agencies of great spirit. But we never bought size for size.’
True, but in the US don’t you have to be of a certain size? If you
manage a local Publicis agency, surely you would wish for business to be
driven globally from the US, as with most major networks?
’Yes! Yes, but you don’t have to compromise,’ he argues. ’If you go for
the difficult route of building piece by piece, and you succeed, you get
great people with you - if you leave them enough freedom to express
The determination to keep Fallon separate does not solve Publicis’s
American scale issues. Levy accepts that this ’would imply’ more US
acquisition is likely (although he is not interested in the Snyder
group). There is also his recently stated ambition to establish a
greater presence in Japan, the weak link in a growing Asian network, and
an imminent repositioning of the group’s e-ventures.
Levy has a further task: a PR offensive to dispel any residual
negativity from the True North spat.
The affair clearly still rankles. He says, unprompted, that he would
like to ’say a few words’.
’I have done personally a very bad job at working on Publicis’s and my
own publicity in the US and elsewhere. When the problems started with
True North, I was pretty sure we would find a solution, and I did not
want to fuel the situation with bitterness.
’During the two-year fight before the takeover bid, I did not explain
the problems to the press and Bruce Mason (then True North’s CEO) did.
Therefore I had the image of this French Napoleon who was not a very
good partner, who was not helpful. In fact, the situation was entirely
Levy, claiming Mason kept him in the dark first about the creation of
True North and then the acquisition of Bozell, today accepts that he
reacted ’very negatively’.
’FCB was strong in the US, and Bozell was strong in the US - that would
not lead to two global networks,’ he continues. ’As a stockholder, I
wanted to be heard. Maybe I have not done the right thing, maybe I
haven’t explained myself very well. But I was very sincere about the
fact that they were doing the wrong thing.’
Levy knows that whatever the cause of the situation, he cannot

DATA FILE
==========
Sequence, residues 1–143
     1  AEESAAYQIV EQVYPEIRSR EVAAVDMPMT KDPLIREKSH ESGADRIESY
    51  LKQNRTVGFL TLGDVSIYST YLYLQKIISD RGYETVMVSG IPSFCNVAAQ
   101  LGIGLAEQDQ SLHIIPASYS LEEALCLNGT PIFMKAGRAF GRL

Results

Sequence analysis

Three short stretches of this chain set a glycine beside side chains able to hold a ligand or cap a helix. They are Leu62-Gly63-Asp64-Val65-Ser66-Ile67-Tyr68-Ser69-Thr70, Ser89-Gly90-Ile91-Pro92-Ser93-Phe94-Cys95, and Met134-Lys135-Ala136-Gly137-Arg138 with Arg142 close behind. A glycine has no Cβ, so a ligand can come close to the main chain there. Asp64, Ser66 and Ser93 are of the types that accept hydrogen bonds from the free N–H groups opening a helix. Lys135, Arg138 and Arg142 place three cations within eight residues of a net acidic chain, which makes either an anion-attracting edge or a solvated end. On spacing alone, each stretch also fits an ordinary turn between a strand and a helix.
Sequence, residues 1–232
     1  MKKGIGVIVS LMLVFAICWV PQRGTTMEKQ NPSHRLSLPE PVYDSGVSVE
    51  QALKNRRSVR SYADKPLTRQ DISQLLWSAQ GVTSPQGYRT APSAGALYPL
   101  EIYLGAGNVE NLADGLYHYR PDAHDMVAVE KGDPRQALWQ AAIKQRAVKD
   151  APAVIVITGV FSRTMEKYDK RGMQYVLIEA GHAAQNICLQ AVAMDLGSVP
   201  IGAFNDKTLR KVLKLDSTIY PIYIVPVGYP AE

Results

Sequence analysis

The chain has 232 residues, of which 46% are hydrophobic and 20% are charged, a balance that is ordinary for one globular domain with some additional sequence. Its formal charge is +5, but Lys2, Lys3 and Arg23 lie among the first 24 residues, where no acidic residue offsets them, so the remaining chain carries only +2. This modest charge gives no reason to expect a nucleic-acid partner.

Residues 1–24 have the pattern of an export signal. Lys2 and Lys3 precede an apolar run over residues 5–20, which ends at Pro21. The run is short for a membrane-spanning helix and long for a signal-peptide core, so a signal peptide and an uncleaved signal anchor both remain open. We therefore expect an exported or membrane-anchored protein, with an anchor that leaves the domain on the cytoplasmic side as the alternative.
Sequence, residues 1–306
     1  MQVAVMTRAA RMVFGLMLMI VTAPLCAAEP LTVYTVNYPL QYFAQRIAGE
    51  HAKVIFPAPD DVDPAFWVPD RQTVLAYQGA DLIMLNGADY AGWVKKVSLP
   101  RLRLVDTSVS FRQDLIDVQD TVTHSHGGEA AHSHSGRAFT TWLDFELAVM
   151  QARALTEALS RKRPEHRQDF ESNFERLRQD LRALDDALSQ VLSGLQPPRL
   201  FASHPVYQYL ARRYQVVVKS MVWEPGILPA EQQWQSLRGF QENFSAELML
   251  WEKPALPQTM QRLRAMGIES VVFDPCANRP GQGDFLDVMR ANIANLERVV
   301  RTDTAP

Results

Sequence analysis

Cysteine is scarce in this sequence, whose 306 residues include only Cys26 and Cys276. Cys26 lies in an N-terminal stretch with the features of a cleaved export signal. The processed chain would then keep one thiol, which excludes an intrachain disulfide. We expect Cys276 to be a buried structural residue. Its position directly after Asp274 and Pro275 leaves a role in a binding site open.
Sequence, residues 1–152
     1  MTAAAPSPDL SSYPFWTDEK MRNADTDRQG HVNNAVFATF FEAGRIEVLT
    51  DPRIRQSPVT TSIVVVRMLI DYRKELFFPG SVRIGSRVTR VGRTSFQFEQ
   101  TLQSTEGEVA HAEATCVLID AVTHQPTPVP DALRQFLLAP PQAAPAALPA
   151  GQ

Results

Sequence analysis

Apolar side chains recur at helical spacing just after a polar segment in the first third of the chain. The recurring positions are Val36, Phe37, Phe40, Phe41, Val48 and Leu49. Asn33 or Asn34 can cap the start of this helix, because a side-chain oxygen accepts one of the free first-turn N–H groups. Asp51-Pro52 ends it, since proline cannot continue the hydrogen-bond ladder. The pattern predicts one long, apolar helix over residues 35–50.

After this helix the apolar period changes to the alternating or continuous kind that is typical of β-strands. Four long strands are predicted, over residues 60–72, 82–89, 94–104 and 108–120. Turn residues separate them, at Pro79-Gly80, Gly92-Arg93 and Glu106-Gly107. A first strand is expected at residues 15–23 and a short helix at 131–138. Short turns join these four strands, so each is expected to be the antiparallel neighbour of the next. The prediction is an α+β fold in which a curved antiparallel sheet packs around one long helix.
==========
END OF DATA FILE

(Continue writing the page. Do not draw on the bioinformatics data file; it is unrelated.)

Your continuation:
ultimately maintain a global network that relies on just three
trans-Atlantic clients: Coca-Cola, Hewlett Packard and Whirlpool.
He is a clever strategic thinker, who has the beguiling conviction and
marketing savvy of a French Maurice Saatchi. Indeed, the two have long
maintained a mutual admiration society. Levy was the first person to
call Saatchi upon news of the latter’s ousting in late 1994. He has even
taken to dressing in Saatchi-esque dark suits.
However, as he points out constantly, life would be boring if meeting
French people or going to a French agency was exactly the same as
anywhere else in the world. ’We don’t want clones,’ he says, before
expounding upon the virtues of being French in an Anglo-American world
(no stereotyping then).
This is an oblique reference to the decision of his deadly rival, Euro
RSCG, to appoint the American, Bob Schmetterer, to run that network from
’What is wrong with being French? Why fight what you are? It makes us
unique. All other networks are run out of New York (whatever they may
say) and have a view of the world formed from the standpoint of the
world’s dominant country and the world’s dominant economy. It can lead
you to treat all other countries like dominions.’
Maurice Levy is certainly unique. I’m not sure that Publicis will remain
a buyer not a seller in the long term. But one can’t help hoping that he
makes it. Without him, the world advertising scene would be a duller
place. ’Vive la difference!’ indeed.